• you know what works great for self defense? not voluntarily getting into bullshit at the end of a game..

      • Does it? How much “bullshit” does Milan Lucic get involved in? And how many times is he on the IR? What about Max Lapierre?

        Meanwhile, Henrik Sedin’s a true Christian at all times and probably has a concussion he’s playing through.

        • ummmm does it not? I could be wrong but if he just skated off the ice after the END OF THE GAME he wouldn’t have needed to “protect” himself from the evils that Peverley apparently wished to inflict.. And I don’t see what Hank Sedin has to do with this.. Since he’s hurt and doesn’t get into the after whistle stuff? I don’t get it..

          • You’re right. You don’t get it. Players who attach violent cost to playing them in such a way that might otherwise put them on the IR don’t end up there from such plays. Which is why, like Lucic, like Messier, they’re never there due to them.

            The thesis of this article is that Backstrom did what he did to attach violent cost to violent behavior directed at him. Turning the other cheek in a violent sport just gets you smacked in the other one.

            Hitting the guy who slapped you back with a hammer will make him think long and hard about the second slap.

        • A true Christian?

  6. The obvious difference here is that Backstrom is initiating the contact, not using his stick to protect himself. Now maybe the overall thought process is one of ‘hey. if you’re going to run me all night you’ll pay for it’ but his actions crossed over from defending himself and into going after someone else.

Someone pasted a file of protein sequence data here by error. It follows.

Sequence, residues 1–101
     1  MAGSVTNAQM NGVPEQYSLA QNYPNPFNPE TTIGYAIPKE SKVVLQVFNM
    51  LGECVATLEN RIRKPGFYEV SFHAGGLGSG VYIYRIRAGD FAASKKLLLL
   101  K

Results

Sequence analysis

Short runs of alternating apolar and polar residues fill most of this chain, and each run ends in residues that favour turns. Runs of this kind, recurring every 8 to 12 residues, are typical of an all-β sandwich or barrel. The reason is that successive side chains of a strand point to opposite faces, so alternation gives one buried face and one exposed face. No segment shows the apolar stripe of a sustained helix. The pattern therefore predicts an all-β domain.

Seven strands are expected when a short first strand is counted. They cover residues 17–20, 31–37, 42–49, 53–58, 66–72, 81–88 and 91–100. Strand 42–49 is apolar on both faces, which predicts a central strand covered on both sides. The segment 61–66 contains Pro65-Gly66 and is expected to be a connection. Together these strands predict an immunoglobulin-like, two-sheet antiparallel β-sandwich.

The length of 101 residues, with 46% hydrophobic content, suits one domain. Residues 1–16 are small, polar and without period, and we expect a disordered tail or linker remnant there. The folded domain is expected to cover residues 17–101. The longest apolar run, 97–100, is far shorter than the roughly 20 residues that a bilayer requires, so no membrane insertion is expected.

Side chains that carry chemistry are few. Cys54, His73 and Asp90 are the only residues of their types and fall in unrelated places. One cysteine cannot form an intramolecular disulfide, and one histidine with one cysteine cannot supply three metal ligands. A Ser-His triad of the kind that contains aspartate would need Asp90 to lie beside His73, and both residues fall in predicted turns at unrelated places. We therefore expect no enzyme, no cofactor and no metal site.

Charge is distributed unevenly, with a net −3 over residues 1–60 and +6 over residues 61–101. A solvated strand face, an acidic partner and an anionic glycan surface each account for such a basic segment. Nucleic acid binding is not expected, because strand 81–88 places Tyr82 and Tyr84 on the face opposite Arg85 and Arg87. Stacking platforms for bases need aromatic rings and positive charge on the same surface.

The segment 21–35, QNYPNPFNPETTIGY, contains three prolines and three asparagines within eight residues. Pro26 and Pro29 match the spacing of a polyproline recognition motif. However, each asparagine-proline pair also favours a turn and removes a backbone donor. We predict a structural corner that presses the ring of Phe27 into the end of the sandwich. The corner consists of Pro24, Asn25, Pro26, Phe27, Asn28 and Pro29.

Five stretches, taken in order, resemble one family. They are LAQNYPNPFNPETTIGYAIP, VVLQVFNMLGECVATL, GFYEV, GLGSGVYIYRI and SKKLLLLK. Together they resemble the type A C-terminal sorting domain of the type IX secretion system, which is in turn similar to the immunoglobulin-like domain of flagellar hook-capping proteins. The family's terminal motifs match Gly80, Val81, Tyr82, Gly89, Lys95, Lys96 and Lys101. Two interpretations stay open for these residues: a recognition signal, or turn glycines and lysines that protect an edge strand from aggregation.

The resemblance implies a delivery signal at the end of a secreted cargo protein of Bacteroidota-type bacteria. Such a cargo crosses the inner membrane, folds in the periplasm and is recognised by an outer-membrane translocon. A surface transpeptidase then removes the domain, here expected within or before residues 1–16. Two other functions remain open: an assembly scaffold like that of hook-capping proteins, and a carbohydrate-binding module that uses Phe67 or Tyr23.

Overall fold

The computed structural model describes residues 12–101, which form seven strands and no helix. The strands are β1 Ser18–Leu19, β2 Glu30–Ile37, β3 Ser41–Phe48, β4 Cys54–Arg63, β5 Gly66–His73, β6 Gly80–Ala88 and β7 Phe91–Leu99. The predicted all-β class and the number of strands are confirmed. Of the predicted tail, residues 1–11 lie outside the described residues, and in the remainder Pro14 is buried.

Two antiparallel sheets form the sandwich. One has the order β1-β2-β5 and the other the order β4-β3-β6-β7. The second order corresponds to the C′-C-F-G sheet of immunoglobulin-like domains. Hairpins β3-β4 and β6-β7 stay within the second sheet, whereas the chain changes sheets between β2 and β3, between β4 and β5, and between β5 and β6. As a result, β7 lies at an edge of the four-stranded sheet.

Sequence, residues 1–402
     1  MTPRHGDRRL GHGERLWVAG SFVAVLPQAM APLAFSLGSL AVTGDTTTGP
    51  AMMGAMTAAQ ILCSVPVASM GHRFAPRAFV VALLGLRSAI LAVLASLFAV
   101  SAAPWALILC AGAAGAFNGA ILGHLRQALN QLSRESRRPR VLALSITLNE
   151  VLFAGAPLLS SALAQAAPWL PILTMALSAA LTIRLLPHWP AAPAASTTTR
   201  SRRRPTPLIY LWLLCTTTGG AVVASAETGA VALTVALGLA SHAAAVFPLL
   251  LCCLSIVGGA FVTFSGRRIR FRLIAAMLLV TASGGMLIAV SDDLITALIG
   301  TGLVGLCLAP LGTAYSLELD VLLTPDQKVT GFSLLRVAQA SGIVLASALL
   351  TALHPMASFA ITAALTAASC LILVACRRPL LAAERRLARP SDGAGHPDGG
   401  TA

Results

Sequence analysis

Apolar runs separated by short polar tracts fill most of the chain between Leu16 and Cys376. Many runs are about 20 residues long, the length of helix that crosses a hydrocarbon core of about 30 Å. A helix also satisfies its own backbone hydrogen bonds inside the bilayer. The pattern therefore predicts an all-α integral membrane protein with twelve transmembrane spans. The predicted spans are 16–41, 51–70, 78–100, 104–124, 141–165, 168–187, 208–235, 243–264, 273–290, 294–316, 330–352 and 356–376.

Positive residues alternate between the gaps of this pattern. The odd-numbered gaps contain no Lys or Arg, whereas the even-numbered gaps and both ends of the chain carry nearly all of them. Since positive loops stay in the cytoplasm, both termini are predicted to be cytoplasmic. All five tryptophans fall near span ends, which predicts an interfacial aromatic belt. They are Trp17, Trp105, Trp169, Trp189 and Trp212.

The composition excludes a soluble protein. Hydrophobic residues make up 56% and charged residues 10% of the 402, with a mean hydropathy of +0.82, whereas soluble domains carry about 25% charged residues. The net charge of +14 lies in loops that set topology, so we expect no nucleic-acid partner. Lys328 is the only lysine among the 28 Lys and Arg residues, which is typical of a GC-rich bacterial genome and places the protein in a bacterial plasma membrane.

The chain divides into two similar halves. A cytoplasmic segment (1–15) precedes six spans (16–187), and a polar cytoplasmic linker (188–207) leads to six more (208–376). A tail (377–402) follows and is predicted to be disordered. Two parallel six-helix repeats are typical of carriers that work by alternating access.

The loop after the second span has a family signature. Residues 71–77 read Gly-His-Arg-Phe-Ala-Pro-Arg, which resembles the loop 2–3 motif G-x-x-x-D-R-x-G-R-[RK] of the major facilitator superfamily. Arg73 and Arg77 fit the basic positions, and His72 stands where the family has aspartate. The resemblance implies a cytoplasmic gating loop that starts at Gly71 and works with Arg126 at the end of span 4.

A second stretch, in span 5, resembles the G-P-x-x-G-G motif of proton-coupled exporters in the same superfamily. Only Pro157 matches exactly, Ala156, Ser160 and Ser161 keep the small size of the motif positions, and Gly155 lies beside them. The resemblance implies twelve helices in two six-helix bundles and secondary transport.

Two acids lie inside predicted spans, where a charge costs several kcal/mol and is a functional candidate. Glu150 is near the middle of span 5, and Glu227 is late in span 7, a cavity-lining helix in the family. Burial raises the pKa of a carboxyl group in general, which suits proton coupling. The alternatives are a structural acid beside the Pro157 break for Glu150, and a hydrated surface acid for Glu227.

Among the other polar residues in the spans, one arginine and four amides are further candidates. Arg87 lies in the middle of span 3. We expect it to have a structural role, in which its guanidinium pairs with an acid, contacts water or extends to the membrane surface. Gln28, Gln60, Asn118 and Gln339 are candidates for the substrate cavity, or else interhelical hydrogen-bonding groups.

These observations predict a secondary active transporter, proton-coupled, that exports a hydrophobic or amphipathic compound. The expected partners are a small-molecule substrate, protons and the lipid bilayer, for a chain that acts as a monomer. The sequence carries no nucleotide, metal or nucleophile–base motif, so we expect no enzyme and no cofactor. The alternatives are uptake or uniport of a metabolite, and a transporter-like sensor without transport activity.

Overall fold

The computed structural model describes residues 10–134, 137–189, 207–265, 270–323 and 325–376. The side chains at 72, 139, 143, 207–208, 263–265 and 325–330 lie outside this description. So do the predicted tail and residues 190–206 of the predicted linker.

• Have you been watching this series? Genuinely curious. Backstrom’s been getting pushed around all series, and while I’m not saying that’s isn’t a legitimate strategy on Boston’s part, it looks to me like either Hunter directly told him to push back, or he simply decided that he’d had enough of it. If you’re judging the situation simply by this single incident, or only looking to assign blame, you’ve missed the point of the article.

  7. If Backstrom doesn’t want a faceful of Thomas blocker, here’s a suggestion: don’t slash Thomas on the hands after he freezes the puck.

    • The puck wasn’t frozen actually. Thomas hadn’t covered it up yet. So instead of doing that, he just figured it was easier to punch Backstrom and then have his teammate wrestle Backstrom to the ground. Backstrom was trying to hit the puck in and Thomas didn’t have a handle on it at all. Go watch some video on it. He punches Backstrom, THEN covers the puck.

  8. Great column. Nobody understands this when I try to explain how deterrence works in hockey.

  9. If guys don’t stop throwing elbows to the head, they’re going to start seeing a lot more stick in mouth.

    Maybe we’ve been hyper sensitized to it all this season, but i don’t remember seeing this many elbows thrown in an entire playoffs season, let alone the first round. People are complaining about fighting and sticks up in the face, but the total amount of dirty play seems to be up this season and the fighting just seems like a byproduct to me.